La Merenda Is a Taste Treat
You could circle the globe with their wide range of ethnic small plates.
The first time I visited La Merenda in 2007, they were newcomers to Walker’s Point. As my companion and I pulled up in front of the restaurant, she said, “I don’t think we’re going to eat here. It looks like a dive bar.”
“Wait,” I said. “Let me check it out.” I opened the nondescript door and walked through the bar into a large room filled with bright colors and an eclectic collection of antique tables and mismatched chairs. It was love at first sight. I didn’t need to taste the food; I just wanted to sit in the middle of the room to soak up the creativity in that gorgeous space. I later learned it had been transformed by the owners from its former life as a woodworking shop into a restaurant worthy of accolades from almost everyone who has sampled La Merenda’s small plates. As for the “Dive bar” entrance, it was soon upgraded to look like a restaurant.
I’ve long forgotten what we ate that day, but two recent meals remind me that the food still matches the décor: creative, unique, diverse.
On the first of two visits, I eat on the patio, surrounded by planters bursting with flowers. We come for lunch and sit in partial shade under a ramada. I figure my companion’s 14-year-old palate will speak the truth as we dine on small plates designed to share. Our server explains that the food comes out as soon as it’s ready, so don’t expect everything to come out at the same time.
The Beef Empanadas arrive first, four fried, not greasy pastries, filled with braised beef, mushrooms, and potato, along with a cup of chipotle-lime aioli. We smear the aioli on the empanadas, which accelerates the beefy mushroom flavors, making them a textbook example of what an empanada should be.
Likewise, Chipotle Pork Tostadas, filled with braised pork shoulder and red cabbage slaw, pop with crunch from the slaw. Together with the pork and avocado crema, they raise a high bar for tostadas: they’re crunchy, juicy, soft, savory, meaty.
The Pork Belly Crepes are a puzzle. I expect pork belly, fatty meat cut from a pig’s belly. The menu also says “confit,” which means cooked in its own fat. What I find is pork confit, delicious, just not belly.
The house-made Chive Crepe is tender and the porcini cream sauce is the perfect addition to enhance the pork and the mushrooms.
We finish with Tres Leches Cake, a brilliant concoction made with ordinary white cake that’s been soaked with three milks: coconut, heavy cream, and sweetened condensed. To add more decadence, at La Merenda they add whipped cream frosting, plus a nod to healthy, fresh strawberries. I’ve had Tres Leches many times in Mexico. This is the best I’ve ever had: each bite oozes with sweet milk, coconut, cake, and a strawberry or two. Our server says, “If you wish, you can buy a whole cake.” I’m tempted.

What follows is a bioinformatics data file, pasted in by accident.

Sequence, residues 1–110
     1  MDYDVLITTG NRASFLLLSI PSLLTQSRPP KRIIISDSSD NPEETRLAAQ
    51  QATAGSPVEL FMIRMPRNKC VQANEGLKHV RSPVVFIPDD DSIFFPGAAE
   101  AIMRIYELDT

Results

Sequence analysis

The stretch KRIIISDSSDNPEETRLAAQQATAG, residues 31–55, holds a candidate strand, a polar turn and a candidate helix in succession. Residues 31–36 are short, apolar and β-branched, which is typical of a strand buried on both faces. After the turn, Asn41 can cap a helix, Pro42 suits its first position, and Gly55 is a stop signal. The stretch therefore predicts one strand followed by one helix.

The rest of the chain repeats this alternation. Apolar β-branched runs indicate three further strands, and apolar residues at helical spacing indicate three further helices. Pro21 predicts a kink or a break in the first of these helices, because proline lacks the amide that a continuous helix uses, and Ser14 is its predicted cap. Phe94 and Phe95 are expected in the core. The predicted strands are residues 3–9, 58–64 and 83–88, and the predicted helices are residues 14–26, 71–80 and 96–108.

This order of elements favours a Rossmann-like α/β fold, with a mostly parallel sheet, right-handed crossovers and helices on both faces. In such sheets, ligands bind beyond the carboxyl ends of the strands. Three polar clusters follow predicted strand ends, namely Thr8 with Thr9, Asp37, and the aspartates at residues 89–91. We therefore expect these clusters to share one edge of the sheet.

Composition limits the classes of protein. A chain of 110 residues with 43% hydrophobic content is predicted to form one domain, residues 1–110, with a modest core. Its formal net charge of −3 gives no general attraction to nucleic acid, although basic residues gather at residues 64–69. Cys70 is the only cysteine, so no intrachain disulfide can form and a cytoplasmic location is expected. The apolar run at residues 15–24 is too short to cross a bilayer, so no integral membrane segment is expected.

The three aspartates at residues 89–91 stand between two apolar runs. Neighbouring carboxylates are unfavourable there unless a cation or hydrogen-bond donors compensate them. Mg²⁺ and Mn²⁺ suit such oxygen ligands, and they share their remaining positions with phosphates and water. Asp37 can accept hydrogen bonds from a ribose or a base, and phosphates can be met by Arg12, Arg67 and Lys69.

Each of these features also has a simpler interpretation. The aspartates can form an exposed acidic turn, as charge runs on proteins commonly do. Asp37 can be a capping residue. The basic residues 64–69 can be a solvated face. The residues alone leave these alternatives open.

The next day when I return for an evening meal with four friends, one of my group orders a coke. That’s when I learn they make their own soda at La Merenda. “That way we can promise no additives,” our server says. They make ginger beer, hibiscus or some other citrus soda, a cola, and freshly squeezed lemonade. We find the hibiscus overly sweet; the ginger beer delicious.
This time we order Empanadas Vegetarianas, served with more of that lime-chipotle aioli. These empanadas, stuffed with spinach, caramelized onion, and cranberries, have a good balance of savory, sweet, and tart.
The superstars of our meal are the Mushroom Ravioli and the Singapore Noodles. The ravioli by itself would be just another pretty pasta dish, but the addition of truffle gorgonzola cream sauce turns it into something special. The subtle truffle undertone says this ravioli is all about mushrooms.
As for the Singapore Noodles, they rock. Everything on the plate works in concert: the shrimp; the Chinese sausage; the veggies; the rice noodles; the curry; the peanuts; the cilantro. We share five ways, but I’m thinking, I want it all.
After one lunch and one evening meal, I have sampled dishes from Mexico, Columbia, Italy, France, Singapore, and a tart from Wisconsin. With a bigger appetite, I could have circled the globe with halibut from Peru, curry from Indonesia, rockfish from Japan, Patatas Brava from Spain, lamb from India, and potstickers from China.
Reservations at La Merenda are mandatory on Friday and Saturday nights. Don’t do what I did and wait until Thursday, or you could be dining somewhere else. They do keep a few tables for walk-ins, however.
When we leave after the evening meal, I look around the garden and say to our server, “I want to live here.”
“She replies, “Me too.”
On the Menu
- Location: 125 E. National Ave.
- Phone: 414-389-0125
- Hours: 11 a.m. to 2 p.m. Mon-Fri, 5 p.m. to 10 p.m. Mon-Thu, 5 p.m. to 11 p.m. Fri-Sat
- Walk Score: 83
- Website: http://www.lamerenda125.com
- Twitter: https://twitter.com/lamerenda125
- Facebook: https://www.facebook.com/La-Merenda-Milwaukee-175748685866469/
- UM Rating: 4.4 stars (average of Yelp, Trip Advisor and Zomato)
- Menu size: 33
- Price range food (small plates): $5.50-$16.00
- Wine list size (bottles): 57
- Wine list size (glasses): 41
- Price range wine (bottles): $22.00-$115.00
- Price range wine (glasses): $5.00-$11.00
- Beer list size (tap): 13
- Beer list size (bottles): 3
- Cuisine Style: Tapas bar